AS I HAVE NEVER OWNED A PUPPY BEFORE I AM WORRIED THAT I MAY MAKE MISTAKES,PLEASE ADVISE ME.
    TRIHA

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  • danika lee says:

    Hello my family and I are thinking to get a cavachon puppy soon. We’ve never raised a puppy before, so we really dont know how to prepare for the puppy. Any tips and advices? And also, is Gleneden a good place to get a cavachon pup?

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  • Dawn Pearson says:

    I have been looking into buying a Cavachon puppy as my daughter has allergies but we have always wanted a dog in the family. I have a lively young family and it is rarely quiet around here. My question is, I was hoping to walk the dog 2, 30 minute walks in the countryside, a day at least. Are Cavachon’s good walkers?

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    lisa Replied:

    Hi, my cavachon is 2 and half now and she loves going to the woods, we go for an hour a day but she would go longer if i had time, my husband as allergies but has had no problem with this breed, i defo recommend it..

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    Graham Bowles Replied:

    We have a 6 month old pup, and he is so obedient, affectionate, and intelligent. He is a delightful companion who is loved by all the family. He has made me laugh out loud with his antics. Without doubt the best dog we have ever had. As I work from home I am around a lot and Chester will stand by the patio door, looking back at me till I get the message, but accidents still happen each day, either because I have missed his tell, or he has to go urgently, but as he gets older and his bladder grows this is getting less often.he responds very well to praise and occasional treats. We have tried the mats/pads and this has been fairly successful., and we have also trained him to use the crate, which he loves as his quiet space. He usually goes in to it on his own initiative, and then let’s me know when he needs to go out. This was at first every hour, which gradually became two, until now which is 8 hours or more. We found that the key to him sleeping longer at night was to not feed him or give him any water after 7pm, and always let him out before bed. So good routines lead to good habits. He was also a biter but we held his head with a firm grip each time he tried and he stopped biting. He does like to chew on my fingers, but it is without any pressure, so he has also learn to be gentle with us. The grip around is head is to mimic his mother or siblings biting him back, so we are doing what he understands from his pack. A truly amazing animal, and a wonderful addition to our family of five children, three granddaughters, and many visitors, who all fall for his charms.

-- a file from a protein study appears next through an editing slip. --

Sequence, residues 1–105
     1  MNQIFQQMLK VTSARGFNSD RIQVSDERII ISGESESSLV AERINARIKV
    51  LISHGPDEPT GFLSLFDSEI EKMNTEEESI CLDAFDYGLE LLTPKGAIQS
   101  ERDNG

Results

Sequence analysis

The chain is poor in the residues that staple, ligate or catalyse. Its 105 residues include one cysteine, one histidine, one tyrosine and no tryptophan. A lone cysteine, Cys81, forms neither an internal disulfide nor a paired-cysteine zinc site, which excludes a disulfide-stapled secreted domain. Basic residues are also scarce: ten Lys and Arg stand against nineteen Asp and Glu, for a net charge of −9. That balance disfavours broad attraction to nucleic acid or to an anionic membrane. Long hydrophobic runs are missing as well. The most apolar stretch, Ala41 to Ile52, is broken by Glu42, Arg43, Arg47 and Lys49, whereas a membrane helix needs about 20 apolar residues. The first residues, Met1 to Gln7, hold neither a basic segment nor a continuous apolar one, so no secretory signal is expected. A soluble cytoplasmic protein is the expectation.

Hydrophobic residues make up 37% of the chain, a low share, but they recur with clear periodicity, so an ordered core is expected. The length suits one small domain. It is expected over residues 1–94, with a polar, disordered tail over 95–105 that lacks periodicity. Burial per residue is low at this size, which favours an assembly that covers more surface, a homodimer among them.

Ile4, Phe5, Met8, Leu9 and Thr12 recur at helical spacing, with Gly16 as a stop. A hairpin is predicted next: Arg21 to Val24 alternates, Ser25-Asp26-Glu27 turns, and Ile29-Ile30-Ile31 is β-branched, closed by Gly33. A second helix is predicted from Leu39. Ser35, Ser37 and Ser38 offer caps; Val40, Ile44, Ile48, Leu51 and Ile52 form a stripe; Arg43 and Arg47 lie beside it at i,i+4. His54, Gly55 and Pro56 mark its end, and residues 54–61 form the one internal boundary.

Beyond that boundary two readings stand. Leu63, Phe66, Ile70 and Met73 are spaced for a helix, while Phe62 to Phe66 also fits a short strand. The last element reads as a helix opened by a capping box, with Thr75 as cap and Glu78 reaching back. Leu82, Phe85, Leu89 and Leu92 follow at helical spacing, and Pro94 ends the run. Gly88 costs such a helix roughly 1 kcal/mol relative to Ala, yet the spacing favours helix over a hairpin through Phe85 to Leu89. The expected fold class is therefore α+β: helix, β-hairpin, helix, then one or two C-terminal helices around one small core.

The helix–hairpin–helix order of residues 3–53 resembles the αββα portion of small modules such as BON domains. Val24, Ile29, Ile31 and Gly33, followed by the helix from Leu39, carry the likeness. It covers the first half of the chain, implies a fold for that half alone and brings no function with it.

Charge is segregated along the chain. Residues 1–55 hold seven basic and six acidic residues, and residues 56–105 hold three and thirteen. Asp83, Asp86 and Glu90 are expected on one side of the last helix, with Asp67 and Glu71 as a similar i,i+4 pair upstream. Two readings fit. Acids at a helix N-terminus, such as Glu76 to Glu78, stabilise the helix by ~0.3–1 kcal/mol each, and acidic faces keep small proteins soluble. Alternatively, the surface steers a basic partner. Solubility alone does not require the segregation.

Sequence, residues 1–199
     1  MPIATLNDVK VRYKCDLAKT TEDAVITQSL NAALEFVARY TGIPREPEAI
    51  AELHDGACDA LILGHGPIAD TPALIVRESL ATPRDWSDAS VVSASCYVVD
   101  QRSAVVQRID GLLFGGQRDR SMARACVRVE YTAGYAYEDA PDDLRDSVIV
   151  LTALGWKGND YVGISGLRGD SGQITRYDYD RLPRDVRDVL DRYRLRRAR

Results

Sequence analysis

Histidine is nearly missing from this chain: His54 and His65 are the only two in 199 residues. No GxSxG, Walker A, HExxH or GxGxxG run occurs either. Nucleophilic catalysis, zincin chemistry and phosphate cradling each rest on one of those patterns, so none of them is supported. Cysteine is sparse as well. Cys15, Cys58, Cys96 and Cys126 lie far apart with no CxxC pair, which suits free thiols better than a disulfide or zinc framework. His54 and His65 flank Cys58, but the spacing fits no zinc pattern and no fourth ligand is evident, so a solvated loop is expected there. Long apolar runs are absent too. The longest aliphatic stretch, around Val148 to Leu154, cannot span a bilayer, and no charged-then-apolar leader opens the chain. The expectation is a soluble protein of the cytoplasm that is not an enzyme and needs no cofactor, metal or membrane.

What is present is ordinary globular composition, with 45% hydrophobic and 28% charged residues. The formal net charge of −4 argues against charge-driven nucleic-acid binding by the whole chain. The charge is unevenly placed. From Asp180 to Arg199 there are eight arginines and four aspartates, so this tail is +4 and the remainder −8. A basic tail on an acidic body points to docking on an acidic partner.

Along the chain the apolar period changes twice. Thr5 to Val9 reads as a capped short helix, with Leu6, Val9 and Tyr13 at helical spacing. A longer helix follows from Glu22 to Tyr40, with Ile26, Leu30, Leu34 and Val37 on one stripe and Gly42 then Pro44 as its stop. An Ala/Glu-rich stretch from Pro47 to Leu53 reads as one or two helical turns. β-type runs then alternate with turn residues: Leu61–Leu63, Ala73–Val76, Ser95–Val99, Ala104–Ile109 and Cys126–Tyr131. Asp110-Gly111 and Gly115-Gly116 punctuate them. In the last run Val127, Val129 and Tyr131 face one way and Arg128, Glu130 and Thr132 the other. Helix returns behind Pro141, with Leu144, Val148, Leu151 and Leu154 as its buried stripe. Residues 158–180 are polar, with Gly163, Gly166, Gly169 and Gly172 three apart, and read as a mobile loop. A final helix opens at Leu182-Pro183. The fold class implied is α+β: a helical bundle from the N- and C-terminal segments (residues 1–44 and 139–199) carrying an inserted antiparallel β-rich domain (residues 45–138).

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  • Charlie says:

    Hello everyone, I’m lost and need help PLEASE-Scenario: my cavachon (3yrs old, female, not fixed yet I know I’m sorry I’m a bad parent and a procrastinator) anyway as of late she has become real clingy to her toy stuffed dog and all of a sudden as of 3 days ago age started stealing my daughters Furby (a stuffed gremlin looking thing that talks) and hiding it and laying on it, same as she does with her regular toy dog. So yesterday I tried to get her out from under my bed. She jumped the gate to go upstairs which is off limits to her. She WILL NOT STOP GOING TO THE BATHROOM UP THERE which is another problem but one thing at a time. When she would not come to me when I called, which she always comes to me when called, I went under the bed to get her and she literally attacked me, biting and barking and lunging and it really scared me. She’s small but has never done that. Now she just sits and cries and stares at me. Please help!!

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  • Lynn says:

    Hi
    My 12 week old cavachon is a big nipper/biter. We try to distract her and give her a toy, but that just doesn’t work. She is constantly biting our fingers, toes, ankles, clothes, etc. Any other suggestions, please. Thank you

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  • Kia says:

    I am getting a 10 week year old Cavacon in a couple of weeks. I’ve decided to call him Leo.

    My question is, on the first night do I crate him and what if he cries at night? DO I ignore the cries? Also, do I forct ihm into the crate?
    Also the first couple of days I will take off from work but after that I will only come home during lunch time to give him a meal/walk/poop. Do I crate him all the time when I am not home? As youi can tell I”m new to this so any advice on the intial stages would be appreciated, thanks.

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    stacey Replied:

    I have the same queries. First night with my 8 week old cavachon tonight

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    Lynn Replied:

    Hello
    You definitely need to crate your puppy. It may seem cruel to you, but it works!
    Our cavachon cried for 12 minutes her first night with use and lasted in her crate for almost 7 hours. She is now 12 weeks old and lasts between 8-9 hours. Each week you can leave her in a little longer.

    Good luck

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    Dede Replied:

    Hey Kia ,
    Actually when my 9 week old cavachon cries at night after he sleeps awhile it usually means he needs to potty

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    Paul Replied: